Now, you have to earn your right to be a friend who wounds. You have to truly care for that person, be with them through the rough times, and do so with great gentleness and love. We can do great damage to a friendship if we do this kind of thing in the wrong way at the wrong time. But I have friends who certainly have earned their right to be a friend who wounds, who hold me accountable, who don’t let me get by with shallowness or excuses. Friends who would pull me up short at any time they saw me wandering astray. How I thank God for those friends. Those are wounds that can be trusted.
So, when God gives you the kind of friend who holds you accountable and gives trustworthy wounds, don’t be angry or upset, but thank God for that friend. That is a gift from God to you, and while that wound may temporarily hurt, in the end it is for your good.
Solomon wrote in Ecclesiastes 4:10: If one falls down, his friend can help him up. But pity the man who falls and has no one to help him up! There have been many times when I’ve fallen down and needed a friend to help me back up, how about you?
If I’m a good friend, I’m going to be doing everything I can to help someone who has stumbled and failed. Failures are so painful, and when we’ve really made a fool out of ourselves, in big or small ways, we just want to quit and hide. But a good friend will come along and say, “Here, let me help you. You can get up again. Sure, you’ve fallen but it’s not the end of the road. I’ve fallen myself plenty of times. Let me help you keep going.”
Good friends don’t lay condemnation or criticism or guilt on others; rather they pour healing ointments on the hurting places. I’m not saying that we ignore sin or give approval to what we know is wrong in another’s life. But when that person has fallen and they’re having trouble getting up, the last thing they need is to be told how terrible their fall was. They know that. They need a friend to help them up. Pity the person, Solomon wrote, who has no one to help them up!
I spent ten years walking away from the Lord—ten long years doing my own thing and living a selfish, sinful life. But when I came back to the Lord, there were many who were there to help me up. Particularly I think of my close friends, Fran and Dick, who had been my friends through those awful years and had watched me stumble and fall. But never once did they remind me of the failures; they were just there to help me get up and put the past behind me, and to move on with the Lord.
How I pity the person who has no one to help them up. Who is it in your life right now that needs that kind of helping hand? Who has failed badly? Have you gone to them and said, “I’m here for you; this is not fatal; we all fall, but God can restore us. That’s one of his specialties.” If you know someone like that, will you be a good friend today and help them up?
Maybe you’ve just fallen down and no one is coming along to help you up. Can I be that friend to you, to encourage you to know that you just can’t mess things up so badly that God can’t restore you. Take it from one who knows; God is able to make all grace abound toward you so that even in the midst of your stumble and your failure, he can make something good out of it. Here, take my hand right now, and let me help you up, and remind you that God is in the salvage business and he wants to restore you to completeness in Jesus.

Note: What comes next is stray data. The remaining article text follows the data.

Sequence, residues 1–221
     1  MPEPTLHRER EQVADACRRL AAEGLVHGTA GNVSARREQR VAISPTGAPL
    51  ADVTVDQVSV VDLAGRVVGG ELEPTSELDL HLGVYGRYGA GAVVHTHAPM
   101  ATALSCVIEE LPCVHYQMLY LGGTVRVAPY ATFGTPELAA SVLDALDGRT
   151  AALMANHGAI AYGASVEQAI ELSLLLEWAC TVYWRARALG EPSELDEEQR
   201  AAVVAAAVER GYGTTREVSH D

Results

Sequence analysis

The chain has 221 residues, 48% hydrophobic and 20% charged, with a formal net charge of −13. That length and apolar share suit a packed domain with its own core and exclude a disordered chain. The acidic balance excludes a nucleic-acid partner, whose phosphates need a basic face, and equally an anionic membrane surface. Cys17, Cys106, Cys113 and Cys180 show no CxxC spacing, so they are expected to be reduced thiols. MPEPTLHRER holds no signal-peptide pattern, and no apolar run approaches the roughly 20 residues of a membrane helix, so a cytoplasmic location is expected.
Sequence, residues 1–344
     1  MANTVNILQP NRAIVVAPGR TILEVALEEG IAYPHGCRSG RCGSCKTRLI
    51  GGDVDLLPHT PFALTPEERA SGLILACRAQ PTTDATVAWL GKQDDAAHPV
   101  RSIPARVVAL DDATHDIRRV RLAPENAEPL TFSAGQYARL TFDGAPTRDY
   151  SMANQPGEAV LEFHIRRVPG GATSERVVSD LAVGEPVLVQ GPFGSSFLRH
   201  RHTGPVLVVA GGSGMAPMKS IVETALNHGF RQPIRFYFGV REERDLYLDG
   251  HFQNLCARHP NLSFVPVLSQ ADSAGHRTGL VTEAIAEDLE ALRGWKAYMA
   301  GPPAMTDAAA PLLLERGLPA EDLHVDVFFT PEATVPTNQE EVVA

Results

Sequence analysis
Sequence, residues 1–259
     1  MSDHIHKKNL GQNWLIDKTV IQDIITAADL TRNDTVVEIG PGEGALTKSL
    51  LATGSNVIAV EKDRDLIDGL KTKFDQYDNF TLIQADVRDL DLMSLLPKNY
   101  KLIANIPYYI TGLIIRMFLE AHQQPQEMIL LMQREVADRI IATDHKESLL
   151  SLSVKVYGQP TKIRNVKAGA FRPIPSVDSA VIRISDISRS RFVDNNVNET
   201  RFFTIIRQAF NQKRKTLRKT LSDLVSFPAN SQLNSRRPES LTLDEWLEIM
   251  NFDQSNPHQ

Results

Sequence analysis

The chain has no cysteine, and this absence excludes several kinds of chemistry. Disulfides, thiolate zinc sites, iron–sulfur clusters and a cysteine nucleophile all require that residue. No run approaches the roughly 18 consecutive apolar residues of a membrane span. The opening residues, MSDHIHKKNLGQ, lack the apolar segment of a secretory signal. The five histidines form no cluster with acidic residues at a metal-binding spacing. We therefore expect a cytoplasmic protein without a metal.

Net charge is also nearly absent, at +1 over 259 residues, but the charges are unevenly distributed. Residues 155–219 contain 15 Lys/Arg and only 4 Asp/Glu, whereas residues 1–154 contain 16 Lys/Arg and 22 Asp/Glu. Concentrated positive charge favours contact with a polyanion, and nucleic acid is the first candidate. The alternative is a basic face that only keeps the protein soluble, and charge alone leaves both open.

One of the most wonderful gifts we can have in our lives is the gift of a true and trusted friend, one who loves at all times, who laughs when we laugh and cries when we cry, who speaks the truth to us in love and who helps us when we fall. Have you got a friend like that? If you have just one, you are blessed.
A really important question to ask yourself is: Are you that kind of a friend to those people whom God has put into your life? A good friend is one who keeps a confidence. When someone trusts you with some information that is confidential, are you very, very careful never to betray that confidence? That is a trust we should take very seriously.
Proverbs 11:13 says, A gossip betrays a confidence, but a trustworthy man keeps a secret. And in Proverbs 20:19 it reminds us again that, A gossip betrays a confidence so avoid a man who talks too much. Can your friends rely on you to keep their confidence? Gossip, of course, is one sure way to damage friendships and lose a person’s confidence. Do you avoid gossip like the plague?
Now, let’s reverse that question, and ask what we do when someone betrays our confidence. David had that experience; he wrote in Psalm 41:9: Even my close friend, whom I trusted, he who shared my bread, has lifted up his heel against me. He doesn’t say exactly who he was referring to, but it’s likely it was Ahithophel, who was David’s trusted counselor. Ahithophel conspired with Absalom to overthrow David and make Absalom king. This was a man who had for years been David’s closest counselor, and now he becomes his hidden enemy.
Nothing can hurt much more than having a friend betray you. What can you do? Well, remember that vengeance belongs to the Lord, not to you. Don’t try to equal the score; let God do that. Ahithophel ended up hanging himself when his plan to overthrow David failed. Those who betray you will eventually pay the price, but it’s not yours to decide. Let God do it.
Then follow Jesus’ instructions to pray for your enemies and do good to those who despitefully use you. Find something good to do for that friend who has betrayed you. Obviously, the friendship will change because confidence and trust have been destroyed. But be willing to forgive, even if you’re not asked to, and don’t allow your friend’s betrayal to cause you to become bitter and angry. LET GO AND LET GOD! 🙂